04/06/2017

You should budget, they all said.
You should keep a close eye on your money, they all said.
Read Gordon Ramsey’s book, they all said.

I mean, this is something that has been said to almost every person as soon as they get a bank account. Not necessarily Gordon Ramsey, but the other terms are pretty common. My bank is emailing me about them all the time.

“Meet with one of our Bankers today! Overhaul your finances!”

I tried doing that once and it turned out that they could not help me with anything, because I didn’t have nice enough credit.
…which would mean I need a financial overhaul?
Anyway, who cares.

It wasn’t until about a year ago that I started to really work on budgeting and balancing my checkbook using Excel.
It was something that the CFO of my old company used to have me do sometimes when she was too busy and then I though “Maybe I should do this in my own life.”
And so I started to and it did really help with budgeting and keeping track of how much money I have.
Better than any budgeting app that I have ever used.
My sister and brother-in-law make fun of me whenever I saw that I am going to balance my checkbook, but that’s okay. I don’t mind if I seem like a grandma.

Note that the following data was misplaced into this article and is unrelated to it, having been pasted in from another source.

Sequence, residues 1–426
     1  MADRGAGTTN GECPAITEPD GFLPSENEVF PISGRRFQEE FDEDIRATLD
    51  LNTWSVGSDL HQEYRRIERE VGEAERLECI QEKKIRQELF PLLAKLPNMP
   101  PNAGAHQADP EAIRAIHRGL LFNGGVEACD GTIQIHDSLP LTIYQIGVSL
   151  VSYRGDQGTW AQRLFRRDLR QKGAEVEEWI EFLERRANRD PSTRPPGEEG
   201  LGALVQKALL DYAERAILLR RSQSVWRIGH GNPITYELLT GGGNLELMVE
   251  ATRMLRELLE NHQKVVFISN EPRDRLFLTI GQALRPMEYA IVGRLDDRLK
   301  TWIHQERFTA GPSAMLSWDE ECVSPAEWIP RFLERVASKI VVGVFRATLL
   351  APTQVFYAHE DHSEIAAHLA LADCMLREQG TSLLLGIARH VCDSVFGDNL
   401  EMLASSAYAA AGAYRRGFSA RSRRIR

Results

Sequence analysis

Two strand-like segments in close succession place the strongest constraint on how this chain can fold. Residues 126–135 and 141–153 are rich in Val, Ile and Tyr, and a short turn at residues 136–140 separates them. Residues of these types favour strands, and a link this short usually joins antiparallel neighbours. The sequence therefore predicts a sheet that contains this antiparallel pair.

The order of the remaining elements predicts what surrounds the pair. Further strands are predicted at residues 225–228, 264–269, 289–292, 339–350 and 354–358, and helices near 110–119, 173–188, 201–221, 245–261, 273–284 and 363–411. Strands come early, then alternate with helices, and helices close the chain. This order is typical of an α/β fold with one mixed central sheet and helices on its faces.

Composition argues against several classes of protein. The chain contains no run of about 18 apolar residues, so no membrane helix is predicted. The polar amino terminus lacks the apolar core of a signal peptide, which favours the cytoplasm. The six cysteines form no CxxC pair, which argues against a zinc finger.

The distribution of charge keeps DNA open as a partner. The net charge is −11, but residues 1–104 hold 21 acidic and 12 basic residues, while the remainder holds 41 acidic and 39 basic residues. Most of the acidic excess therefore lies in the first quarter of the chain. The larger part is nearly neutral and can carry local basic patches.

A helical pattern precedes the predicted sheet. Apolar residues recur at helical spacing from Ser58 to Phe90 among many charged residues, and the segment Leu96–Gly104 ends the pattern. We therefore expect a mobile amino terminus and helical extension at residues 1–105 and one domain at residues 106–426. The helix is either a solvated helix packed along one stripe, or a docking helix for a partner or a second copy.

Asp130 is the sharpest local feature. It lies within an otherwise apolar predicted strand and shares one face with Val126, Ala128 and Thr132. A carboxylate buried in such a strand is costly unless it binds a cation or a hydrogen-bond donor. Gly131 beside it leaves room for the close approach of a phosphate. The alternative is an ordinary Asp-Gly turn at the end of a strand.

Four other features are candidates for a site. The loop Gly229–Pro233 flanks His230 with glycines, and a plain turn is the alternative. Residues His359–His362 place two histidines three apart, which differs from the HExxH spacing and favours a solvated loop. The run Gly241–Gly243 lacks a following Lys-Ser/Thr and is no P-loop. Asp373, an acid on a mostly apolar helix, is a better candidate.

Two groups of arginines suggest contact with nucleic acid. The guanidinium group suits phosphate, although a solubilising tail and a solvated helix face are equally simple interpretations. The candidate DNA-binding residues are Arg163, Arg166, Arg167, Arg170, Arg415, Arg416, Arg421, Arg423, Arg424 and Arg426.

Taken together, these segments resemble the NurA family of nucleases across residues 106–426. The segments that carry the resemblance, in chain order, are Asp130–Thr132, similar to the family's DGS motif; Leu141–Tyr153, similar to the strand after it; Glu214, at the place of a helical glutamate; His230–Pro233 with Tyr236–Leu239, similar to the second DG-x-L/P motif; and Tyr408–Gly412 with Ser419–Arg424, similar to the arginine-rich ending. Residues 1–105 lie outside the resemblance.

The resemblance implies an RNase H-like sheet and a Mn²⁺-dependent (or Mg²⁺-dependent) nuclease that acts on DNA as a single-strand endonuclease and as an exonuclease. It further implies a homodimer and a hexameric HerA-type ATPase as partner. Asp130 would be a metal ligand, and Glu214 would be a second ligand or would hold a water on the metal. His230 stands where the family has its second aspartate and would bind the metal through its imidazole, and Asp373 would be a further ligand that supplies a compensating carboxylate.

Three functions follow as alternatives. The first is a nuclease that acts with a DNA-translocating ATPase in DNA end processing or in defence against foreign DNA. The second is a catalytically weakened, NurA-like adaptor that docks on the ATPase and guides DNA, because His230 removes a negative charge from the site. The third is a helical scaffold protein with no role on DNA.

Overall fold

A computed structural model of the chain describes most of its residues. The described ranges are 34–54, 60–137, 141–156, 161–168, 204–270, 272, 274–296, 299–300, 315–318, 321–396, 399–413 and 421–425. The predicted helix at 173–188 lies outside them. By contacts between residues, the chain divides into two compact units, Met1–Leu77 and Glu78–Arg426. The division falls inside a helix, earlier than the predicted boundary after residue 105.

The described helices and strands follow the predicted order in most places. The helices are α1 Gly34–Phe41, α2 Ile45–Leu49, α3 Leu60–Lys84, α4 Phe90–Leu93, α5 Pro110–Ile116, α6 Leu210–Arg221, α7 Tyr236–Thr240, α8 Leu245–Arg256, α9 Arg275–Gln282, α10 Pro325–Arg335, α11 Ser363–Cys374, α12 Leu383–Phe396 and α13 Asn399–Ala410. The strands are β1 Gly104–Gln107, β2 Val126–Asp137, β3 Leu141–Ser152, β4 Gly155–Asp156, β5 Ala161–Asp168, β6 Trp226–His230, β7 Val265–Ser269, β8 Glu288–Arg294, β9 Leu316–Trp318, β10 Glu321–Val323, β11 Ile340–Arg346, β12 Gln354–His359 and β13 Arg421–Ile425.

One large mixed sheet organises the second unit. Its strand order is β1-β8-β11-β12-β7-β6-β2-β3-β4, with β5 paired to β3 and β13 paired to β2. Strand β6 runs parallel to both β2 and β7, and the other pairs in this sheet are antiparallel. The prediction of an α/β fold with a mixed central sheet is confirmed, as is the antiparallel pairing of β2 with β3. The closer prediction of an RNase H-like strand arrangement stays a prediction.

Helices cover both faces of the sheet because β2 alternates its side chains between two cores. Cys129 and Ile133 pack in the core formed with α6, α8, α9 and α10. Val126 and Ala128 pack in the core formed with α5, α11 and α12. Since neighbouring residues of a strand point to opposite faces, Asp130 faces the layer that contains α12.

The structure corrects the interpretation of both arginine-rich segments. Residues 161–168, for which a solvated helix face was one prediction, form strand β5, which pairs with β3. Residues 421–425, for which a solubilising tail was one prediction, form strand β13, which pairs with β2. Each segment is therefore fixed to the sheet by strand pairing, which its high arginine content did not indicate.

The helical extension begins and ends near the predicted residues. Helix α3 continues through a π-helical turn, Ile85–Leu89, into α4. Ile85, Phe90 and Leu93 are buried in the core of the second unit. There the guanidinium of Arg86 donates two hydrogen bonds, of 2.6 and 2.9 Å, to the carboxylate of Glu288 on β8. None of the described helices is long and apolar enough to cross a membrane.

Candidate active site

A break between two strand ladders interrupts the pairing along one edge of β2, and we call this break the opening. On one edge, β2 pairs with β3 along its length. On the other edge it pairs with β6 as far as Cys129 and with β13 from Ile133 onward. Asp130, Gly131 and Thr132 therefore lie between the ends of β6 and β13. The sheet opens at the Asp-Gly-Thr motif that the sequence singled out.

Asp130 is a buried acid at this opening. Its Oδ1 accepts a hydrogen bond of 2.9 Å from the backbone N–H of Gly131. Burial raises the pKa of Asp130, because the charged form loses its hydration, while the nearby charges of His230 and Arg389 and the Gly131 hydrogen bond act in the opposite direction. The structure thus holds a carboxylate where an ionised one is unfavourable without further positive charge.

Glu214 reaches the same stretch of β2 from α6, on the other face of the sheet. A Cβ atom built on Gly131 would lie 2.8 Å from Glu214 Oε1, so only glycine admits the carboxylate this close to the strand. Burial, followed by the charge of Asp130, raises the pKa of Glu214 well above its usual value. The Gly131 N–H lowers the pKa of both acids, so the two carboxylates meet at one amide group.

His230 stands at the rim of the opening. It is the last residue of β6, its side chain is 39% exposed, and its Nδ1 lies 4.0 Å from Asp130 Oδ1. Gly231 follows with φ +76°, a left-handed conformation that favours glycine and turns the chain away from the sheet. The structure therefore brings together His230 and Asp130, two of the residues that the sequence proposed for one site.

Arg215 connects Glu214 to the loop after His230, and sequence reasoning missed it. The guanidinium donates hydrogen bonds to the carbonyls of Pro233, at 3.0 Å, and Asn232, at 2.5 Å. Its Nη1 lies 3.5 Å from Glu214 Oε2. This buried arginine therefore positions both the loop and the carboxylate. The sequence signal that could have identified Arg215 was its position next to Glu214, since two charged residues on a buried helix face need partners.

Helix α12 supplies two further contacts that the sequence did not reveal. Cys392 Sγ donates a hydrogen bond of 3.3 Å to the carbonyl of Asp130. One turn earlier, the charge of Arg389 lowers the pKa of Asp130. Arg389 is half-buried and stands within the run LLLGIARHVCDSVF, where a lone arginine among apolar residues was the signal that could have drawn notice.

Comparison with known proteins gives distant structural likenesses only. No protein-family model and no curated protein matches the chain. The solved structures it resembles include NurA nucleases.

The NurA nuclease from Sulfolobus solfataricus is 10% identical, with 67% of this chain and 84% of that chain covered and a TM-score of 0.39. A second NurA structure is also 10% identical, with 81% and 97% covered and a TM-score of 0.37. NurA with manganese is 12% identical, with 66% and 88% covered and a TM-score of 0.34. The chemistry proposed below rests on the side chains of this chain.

However, the one downside to doing it this way is that a lot of times I will sit and look at my checkbook and budget for long periods of time.
I think this is similar to when you go to the fridge and just stare in it hoping to find something that you did not see before.
Since I am trying to get out of debt and have some big things I am saving for, I will just stare at my budget and checkbook for hours, looking over the different lines in it like I am suddenly going to see any money that I have missed in the previous hours.
This usually happens when I am at work doing something else like talking to a customer on the phone and I will be helping them, but looking at my budget.

I have taken a few steps back in my career, so I am definitely not going to suddenly find a bunch of money in my budget.
Even if I work an hour of overtime, by the time taxes are taken out, I will have like $5 more than I would have before.
But at the same time, I suppose it is not as bad as my coworkers who talk about video games for 8 hours a day, every single day.

Pick your poison.

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3 thoughts on “04/06/2017

  1. Corrie, This is so real. I am 23 and in so much debt it is crazy. I am actually on my journey to debt freedom by 25. I read your blog and thought about how many times I have recalculated my budget before I found a solution that now sees me standing in a super positive place. It would be awesome if you had a check out on my blogs and thoughts to the similar idea. Wishing you so much prosperity and clear thoughts.

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